Also in this case, of course, there may be used the abovedescribed reliable and simple inverting method for recognizing the characters, in that a conventional type of linear inverter is connected to the analogue value amplifier, so as to have available at the output of both the amplifier and the inverter again the contradictory voltage values for the resistance networks, but the method will only operate unobjectionably under the important and restricting conditions that either the number of resistors wired to white is equal or approximately equal to the number of the resistors wired to black, or that the contrast (or the blackening of the characters respectively) may not vary within the limits corresponding to the actual conditions, or that finally especially in the case of interferences or disturbances in the character pattern, the signal differences between similar characters, under certain circumstances, become smaller than necessary and owing to the actual information contents of the printed characters.

These restricting conditions shall be avoided by the present invention.

Object of the present invention is an arrangement for effecting the automatic character recognition in a recognition method in which the character field is scanned in a rastered fashion, and in which the scanning signals corresponding to the black-value of the individual raster fields, are stored in analogue storages, and in which there is provided one resistance network per character, with the resistors of said network being connected on one hand to the analogue storage devices and, on the other hand, via a common junction point, to a maximum detection circuit.

According to the invention the individual resistance networks are each time divided into two partial networks with each time one junction point of their own; the free ends of the first partial network are connected to points of the analogue storage devices which, with respect to the associated character, conduct a voltage corresponding to the black raster fields, whereas the free ends of the second partial network are connected to those points of the analogue storage devices which conduct a voltage corresponding to the white raster fields; moreover there is provided a differential amplifier for each partial network pair, in which there is constituted the difference between the two junction-point voltages, with this difference voltage thereafter being offered to the maximum detection circuit whose output signal serves to mark the scanned character.

Accordingly, the voltage appearing at the output of the individual differential amplifier is equal to the difference,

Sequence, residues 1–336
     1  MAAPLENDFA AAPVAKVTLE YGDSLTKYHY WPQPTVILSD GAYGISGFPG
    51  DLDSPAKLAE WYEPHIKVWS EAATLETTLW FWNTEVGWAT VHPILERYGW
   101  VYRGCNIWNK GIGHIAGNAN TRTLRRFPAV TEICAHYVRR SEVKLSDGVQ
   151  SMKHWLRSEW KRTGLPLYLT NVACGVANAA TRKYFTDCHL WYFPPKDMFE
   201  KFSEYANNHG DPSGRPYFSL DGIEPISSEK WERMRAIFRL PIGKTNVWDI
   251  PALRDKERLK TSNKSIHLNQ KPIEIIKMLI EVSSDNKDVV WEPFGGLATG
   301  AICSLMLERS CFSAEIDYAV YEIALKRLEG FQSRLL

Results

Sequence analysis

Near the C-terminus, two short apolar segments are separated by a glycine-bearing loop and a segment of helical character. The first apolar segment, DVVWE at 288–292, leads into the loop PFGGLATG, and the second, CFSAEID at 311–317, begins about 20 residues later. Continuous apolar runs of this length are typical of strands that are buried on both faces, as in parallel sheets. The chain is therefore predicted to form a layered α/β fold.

between the two junction-point voltages as applied to the inputs, i.e. in such a way that in the case of a positive difference there is available an output voltage, and that in the case of a negative difference, the output voltage is zero. The new recognition method, therefore, may be referred to as a differential method.

The contradictory seizing and utilization or evaluation of the black and white raster fields has already been proposed in connection with digital recognition methods, as may be taken from the prior published German Pat. No. 1,1 14,349. But also this method is subject to the above-mentioned disadvantages, which are peculiar to all digital evaluation methods.

In the following the invention will now be explained in detail and by way of example with reference to FIGS. 1 to 3 of the accompanying drawings, in which:

FIG. 1 shows the complete optical character recognition type of font A (OCR-A),

FIG. 2 shows a block diagram for explaining the differential method according to the invention showing the wiring of the recognition circuits for the letters B and L as an example, and

FIG. 3 shows a differential amplifier capable of being used for the purpose of the invention.

The invention will now be explained in detail with reference to the example of the characters L and B. In the inverting method as known per se the following equation is applicable to the voltage U as appearing at the junction point of each resistance network associated with a character, during the evaluation of the signals stored in the analogue value storages:

wherein 14,, is the maximum voltage as stored in the analogue value storages, corresponding to a completely blackened surface element, and wherein a indicates the shape of the character including the width of striae, spots and faulty points, k the printing contrast of the character, and b indicates the relationship between the white evaluated points and the total number of the evaluated points.